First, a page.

Article provided by Don Griffin
Many in the community have applied for and acquired a concealed handgun permit. This is currently a “cool” thing to do, something to display to your friends, to brag to them that you were fingerprinted, passed a background check, and that you have a CHL, but are you serious?
Do you actually carry? Do you have a gun in your purse, in your pocket, in your waist band or in your car? If you do, are you trained, or did you buy your weapon at a sporting goods store in order to fit in with the group? Britney has one, Beth Ann has one, I need one, too. No matter that I don’t know how to load it, where the safety is (or even if it has a safety), or that I have kids that go through my purse, my drawers. In other words, are you serious?
“But wait,” you think, “I want protection, from my ex-husband, from a felon, from a car-jacking.” Great, and that’s your right … but get training first. Do you know the kind of ammo you want to carry in the gun? Are you comfortable loading and unloading it? Can you easily find the safety and flip it on and off? What do you do if you discover that it doesn’t have a safety? Do you practice unloading the gun and then dry-firing it 50 times each morning?
How did you get proficient at typing, playing the piano, or even soccer …you practiced! When a break-in happens, or someone crosses the street to grab your car door handle, how do you plan to grab your handgun and point it and fire it if you never have before? Are you serious about carrying a concealed handgun?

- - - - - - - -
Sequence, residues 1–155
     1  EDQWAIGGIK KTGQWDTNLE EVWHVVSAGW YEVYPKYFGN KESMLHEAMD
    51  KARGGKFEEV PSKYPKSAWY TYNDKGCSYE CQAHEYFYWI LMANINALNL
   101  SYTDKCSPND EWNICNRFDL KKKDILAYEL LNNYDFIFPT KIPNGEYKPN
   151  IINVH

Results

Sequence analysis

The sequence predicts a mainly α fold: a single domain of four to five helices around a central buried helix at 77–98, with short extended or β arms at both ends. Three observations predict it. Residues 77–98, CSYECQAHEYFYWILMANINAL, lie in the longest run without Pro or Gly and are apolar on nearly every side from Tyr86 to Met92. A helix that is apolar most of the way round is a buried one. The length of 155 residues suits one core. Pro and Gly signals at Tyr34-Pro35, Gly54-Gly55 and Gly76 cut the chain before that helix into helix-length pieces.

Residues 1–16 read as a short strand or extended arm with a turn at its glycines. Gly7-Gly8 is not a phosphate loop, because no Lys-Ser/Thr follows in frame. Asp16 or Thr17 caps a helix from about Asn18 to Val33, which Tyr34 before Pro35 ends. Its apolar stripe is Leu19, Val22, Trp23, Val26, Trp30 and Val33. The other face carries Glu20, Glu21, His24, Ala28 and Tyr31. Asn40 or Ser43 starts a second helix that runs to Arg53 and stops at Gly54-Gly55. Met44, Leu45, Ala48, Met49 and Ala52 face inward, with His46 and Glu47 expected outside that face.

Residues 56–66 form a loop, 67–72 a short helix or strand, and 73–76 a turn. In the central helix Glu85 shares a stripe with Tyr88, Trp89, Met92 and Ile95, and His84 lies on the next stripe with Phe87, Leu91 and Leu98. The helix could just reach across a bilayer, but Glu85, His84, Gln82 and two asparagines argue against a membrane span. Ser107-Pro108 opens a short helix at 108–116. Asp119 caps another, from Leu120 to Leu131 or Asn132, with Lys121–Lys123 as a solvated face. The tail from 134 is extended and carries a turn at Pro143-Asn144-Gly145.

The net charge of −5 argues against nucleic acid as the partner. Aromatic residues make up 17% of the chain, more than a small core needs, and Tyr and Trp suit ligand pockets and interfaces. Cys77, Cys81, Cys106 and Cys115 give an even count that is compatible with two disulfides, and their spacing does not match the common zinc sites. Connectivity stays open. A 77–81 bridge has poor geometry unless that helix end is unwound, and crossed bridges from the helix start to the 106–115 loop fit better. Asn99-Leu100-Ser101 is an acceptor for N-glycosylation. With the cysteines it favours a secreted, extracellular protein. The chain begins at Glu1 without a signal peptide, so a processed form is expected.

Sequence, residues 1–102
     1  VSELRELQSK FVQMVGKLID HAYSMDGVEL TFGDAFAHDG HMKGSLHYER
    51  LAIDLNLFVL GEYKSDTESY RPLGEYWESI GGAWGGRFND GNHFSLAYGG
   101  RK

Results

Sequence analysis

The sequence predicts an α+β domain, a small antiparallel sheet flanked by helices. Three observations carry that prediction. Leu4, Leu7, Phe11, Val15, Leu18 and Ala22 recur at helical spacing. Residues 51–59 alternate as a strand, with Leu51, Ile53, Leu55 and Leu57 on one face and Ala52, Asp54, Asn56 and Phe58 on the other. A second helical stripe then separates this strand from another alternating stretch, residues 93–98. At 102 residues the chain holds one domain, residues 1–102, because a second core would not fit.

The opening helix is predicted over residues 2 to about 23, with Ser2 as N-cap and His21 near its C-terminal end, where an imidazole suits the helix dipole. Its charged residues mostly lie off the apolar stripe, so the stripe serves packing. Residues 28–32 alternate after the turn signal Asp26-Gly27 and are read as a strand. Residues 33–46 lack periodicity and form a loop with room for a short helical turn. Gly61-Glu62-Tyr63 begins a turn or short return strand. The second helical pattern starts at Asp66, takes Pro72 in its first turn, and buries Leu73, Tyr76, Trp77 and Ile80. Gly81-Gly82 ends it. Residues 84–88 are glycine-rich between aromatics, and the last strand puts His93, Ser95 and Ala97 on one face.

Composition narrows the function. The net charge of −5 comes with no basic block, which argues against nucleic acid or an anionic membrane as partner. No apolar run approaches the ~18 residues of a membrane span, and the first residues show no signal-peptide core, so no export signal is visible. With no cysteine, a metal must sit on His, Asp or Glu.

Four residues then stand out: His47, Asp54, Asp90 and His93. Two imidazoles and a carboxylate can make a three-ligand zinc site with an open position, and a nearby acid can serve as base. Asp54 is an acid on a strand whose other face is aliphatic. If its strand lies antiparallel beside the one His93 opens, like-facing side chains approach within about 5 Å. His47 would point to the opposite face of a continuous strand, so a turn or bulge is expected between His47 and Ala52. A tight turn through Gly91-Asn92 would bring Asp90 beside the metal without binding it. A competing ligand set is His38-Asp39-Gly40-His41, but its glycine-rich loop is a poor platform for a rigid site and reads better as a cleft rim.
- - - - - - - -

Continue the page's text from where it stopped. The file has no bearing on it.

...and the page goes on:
Do you keep your gun safe at all times? Recently, a young mother in Idaho was tragically shot and killed in a department store when her 2-year-old got into her purse and accidentally discharged her firearm. The mother had a concealed handgun permit, but apparently did not protect the location of the firearm when her children were present. Are you keeping your gun in a safe location at home and in your car, somewhere where you can quickly get it, but your children can’t? Are you serious about this?
Get training. Sit down with a trained individual and go over the fundamentals of gun safety. Let them show you safe handling, safe storage and then let them stand beside you on the gun range, one-on-one, and demonstrate safe-shooting. Practice these techniques so they are second nature. Be vigilant and know your gun is safely stored and only you can access it in an emergency. Finally, keep abreast of gun laws so you understand when they change and what you are allowed to do and not do.